[#InEnglish] Michael Lonsdale: the lone dale of the rose

Today is the day! Just in case you’re living on another planet, today’s the opening of the long-awaited Film Festival of La Roche-sur-Yon. And International it is, as we will get the chance to see the captivating and exotic India Song – against the backdrop of a diplomatic love affair in India -, and the disturbing Paris-set Une sale histoire, starring the late Michael Lonsdale, who passed away on September 21, one of the greatest actors of his generation.

Michael Lonsdale was born on 24 May 1931 in Paris to Edward Lonsdale-Crouch, a British Army officer, and his French-Irish mother, Simone Béraud. He had a rough childhood with many sojourns to Jersey, then to London before settling in Casablanca during the Second World War. After the conflict, he began a career in Paris as an actor, first onstage where he met playwright Samuel Beckett – the master of the Absurd Theatre with his drama Waiting for Godot – and attended classes given by Tania Balachova, a drama teacher known for training a plethora of actors.

He started his career in 1955 with It happened in Aden (1956). However, it wasn’t until François Truffaut’s The Bride Wore Black and Stolen Kisses (1968) that Michael Lonsdale saw his career propelled to the forefront of French cinema. The former – where he played a would-be politician involved in a conspiracy – received hostile criticism in France while his emerging talent was very well-received abroad. The latter met with success around the world, as he delivered a stunning performance as a shoe merchant who is unfaithful to his wife. This paved the way for numerous accolades, whether in indie films, family-friendly French comedies (Hibernatus), blockbusters like the disappointing Moonraker where he played Bond’s nemesis, or the groundbreaking The Name of the Rose by Jean Jacques Annaud. In 2010, he won the César Award for Best Supporting Actor as Brother Luc in the biopic Of Gods and Men.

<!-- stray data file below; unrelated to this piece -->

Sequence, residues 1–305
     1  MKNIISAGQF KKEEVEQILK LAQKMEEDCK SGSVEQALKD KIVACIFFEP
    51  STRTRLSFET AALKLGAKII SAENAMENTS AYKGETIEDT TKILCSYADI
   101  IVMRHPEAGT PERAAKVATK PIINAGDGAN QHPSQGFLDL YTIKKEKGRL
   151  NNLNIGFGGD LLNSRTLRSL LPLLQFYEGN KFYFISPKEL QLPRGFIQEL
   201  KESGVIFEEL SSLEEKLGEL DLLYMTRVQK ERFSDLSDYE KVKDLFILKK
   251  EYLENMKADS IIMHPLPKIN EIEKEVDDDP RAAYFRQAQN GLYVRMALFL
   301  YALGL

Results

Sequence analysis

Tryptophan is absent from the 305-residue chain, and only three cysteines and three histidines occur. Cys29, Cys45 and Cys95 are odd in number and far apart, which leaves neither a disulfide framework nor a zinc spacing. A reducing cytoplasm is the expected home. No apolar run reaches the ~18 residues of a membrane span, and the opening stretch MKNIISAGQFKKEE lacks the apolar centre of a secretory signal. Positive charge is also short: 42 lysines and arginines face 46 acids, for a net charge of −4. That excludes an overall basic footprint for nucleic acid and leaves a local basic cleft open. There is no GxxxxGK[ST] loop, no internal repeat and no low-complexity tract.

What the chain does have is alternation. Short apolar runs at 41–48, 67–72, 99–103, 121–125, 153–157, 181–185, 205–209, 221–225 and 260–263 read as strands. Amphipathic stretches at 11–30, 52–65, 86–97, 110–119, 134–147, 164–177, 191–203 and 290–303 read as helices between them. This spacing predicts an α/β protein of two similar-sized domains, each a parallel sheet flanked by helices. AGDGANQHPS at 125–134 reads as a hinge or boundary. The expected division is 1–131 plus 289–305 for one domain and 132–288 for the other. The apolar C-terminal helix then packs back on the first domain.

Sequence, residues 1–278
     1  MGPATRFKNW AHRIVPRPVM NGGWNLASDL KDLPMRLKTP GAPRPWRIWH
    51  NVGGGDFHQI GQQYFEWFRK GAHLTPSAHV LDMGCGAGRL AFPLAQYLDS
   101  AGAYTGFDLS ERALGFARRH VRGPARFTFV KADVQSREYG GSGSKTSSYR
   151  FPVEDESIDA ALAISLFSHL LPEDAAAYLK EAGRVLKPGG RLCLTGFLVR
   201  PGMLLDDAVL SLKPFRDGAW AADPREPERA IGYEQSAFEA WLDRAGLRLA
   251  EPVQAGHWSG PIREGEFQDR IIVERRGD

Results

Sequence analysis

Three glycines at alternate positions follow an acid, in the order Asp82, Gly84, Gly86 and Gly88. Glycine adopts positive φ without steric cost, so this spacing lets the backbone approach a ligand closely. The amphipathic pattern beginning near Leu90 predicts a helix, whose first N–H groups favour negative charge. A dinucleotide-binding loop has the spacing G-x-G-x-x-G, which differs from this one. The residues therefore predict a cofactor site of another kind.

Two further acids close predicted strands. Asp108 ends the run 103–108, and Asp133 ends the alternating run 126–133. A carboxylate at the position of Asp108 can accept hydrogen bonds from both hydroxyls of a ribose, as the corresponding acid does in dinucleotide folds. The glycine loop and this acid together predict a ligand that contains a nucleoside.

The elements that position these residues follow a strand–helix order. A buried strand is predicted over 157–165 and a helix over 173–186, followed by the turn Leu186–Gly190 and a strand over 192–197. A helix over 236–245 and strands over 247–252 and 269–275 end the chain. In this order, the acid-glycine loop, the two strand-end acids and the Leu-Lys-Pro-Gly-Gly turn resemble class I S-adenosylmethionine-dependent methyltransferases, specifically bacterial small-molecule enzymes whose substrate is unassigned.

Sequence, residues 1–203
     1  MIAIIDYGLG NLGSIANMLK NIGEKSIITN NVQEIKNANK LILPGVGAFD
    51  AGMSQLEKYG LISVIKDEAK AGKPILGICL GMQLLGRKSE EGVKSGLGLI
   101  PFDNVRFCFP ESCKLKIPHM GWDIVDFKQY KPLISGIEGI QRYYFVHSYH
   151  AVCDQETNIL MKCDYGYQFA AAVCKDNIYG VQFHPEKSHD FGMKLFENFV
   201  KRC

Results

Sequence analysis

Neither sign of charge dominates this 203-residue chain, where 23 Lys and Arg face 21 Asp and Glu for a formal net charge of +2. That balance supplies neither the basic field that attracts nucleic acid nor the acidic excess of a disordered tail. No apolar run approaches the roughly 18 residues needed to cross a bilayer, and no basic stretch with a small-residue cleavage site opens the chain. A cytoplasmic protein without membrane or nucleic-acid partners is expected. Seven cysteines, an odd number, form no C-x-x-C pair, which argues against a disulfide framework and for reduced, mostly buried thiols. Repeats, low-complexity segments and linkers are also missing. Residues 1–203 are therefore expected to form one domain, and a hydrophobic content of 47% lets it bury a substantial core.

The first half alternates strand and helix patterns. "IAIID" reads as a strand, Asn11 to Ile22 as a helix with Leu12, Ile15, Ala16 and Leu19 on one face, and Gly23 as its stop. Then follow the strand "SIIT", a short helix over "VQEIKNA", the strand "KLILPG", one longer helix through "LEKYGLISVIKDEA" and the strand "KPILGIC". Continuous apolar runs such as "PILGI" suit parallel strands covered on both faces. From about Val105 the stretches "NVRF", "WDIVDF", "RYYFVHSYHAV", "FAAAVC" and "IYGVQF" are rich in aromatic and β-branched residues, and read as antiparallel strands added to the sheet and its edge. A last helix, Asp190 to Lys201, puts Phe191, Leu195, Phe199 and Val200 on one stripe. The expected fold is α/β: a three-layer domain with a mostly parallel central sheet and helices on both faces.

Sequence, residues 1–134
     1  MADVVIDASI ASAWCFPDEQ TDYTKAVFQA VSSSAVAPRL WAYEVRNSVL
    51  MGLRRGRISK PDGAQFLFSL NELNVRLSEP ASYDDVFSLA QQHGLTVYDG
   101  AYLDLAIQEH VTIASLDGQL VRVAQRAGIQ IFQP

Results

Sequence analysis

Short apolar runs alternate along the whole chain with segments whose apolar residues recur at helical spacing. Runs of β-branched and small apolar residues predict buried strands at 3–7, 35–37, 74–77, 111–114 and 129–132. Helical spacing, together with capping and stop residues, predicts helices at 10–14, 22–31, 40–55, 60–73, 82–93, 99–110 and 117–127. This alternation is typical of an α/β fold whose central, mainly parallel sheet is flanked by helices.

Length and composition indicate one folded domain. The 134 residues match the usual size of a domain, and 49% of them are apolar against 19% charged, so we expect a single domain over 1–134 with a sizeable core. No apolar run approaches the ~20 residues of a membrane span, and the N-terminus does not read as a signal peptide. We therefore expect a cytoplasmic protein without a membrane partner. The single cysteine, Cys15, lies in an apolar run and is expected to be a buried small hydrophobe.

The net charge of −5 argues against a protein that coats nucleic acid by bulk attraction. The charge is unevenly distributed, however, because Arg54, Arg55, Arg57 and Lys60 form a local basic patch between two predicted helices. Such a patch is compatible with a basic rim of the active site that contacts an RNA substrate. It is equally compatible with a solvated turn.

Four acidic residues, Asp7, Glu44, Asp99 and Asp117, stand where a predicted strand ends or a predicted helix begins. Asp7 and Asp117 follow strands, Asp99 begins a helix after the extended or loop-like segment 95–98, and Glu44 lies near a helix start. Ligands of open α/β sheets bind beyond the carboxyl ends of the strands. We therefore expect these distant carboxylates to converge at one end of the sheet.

Michael Lonsdale wasn’t just a regular actor, he was a versatile artist, who worked in films, series, plays, as an actor or a director. Michael Lonsdale performed in nearly 200 roles, leaving behind, at age 89, an immense void and a vertiginous cinematographic and theatrical heritage.

Michael Lonsdale’s must-see Top 3

1. The Name of the Rose (1986)
In 1327, in a Benedictine abbey in northern Italy, monks were found dead under suspicious circumstances. This abbey must bring together Franciscans and representatives of the pope for a confrontation on neutral ground. One of the most important Franciscans is William of Baskerville (Sean Connery), accompanied by the young novice Adso de Melk (Christian Slater) entrusted by his father to the clergy. Both are investigating the mysterious deaths.

2. Moonraker (1979)
British secret agent James Bond (Roger Moore) is investigating the disappearance of an American space shuttle, “Moonraker”, entrusted to the British government. 007 travels to the United States to interview Sir Hugo Drax (Michael Lonsdale), responsible for the construction of the shuttle. Guided by Drax’s pilot, Corinne Dufour (Corinne Cléry), Bond meets him, who seems to be collaborating to find the shuttle, but once Bond leaves, he orders Chang, his accomplice, to kill Bond.

3. Of Gods and Mens (2010)
Eight French Christian monks live in harmony with their Muslim brothers. When a team of foreign workers is massacred by an Islamist group, terror settles in the region. The army offered protection to the monks, but they refused. Should they leave? Despite the growing threats that surround them, the monks’ decision to stay at all costs comes true day after day… This film is freely inspired by the life of the Cistercian monks of Tibhirine in Algeria from 1993 until their abduction in 1996.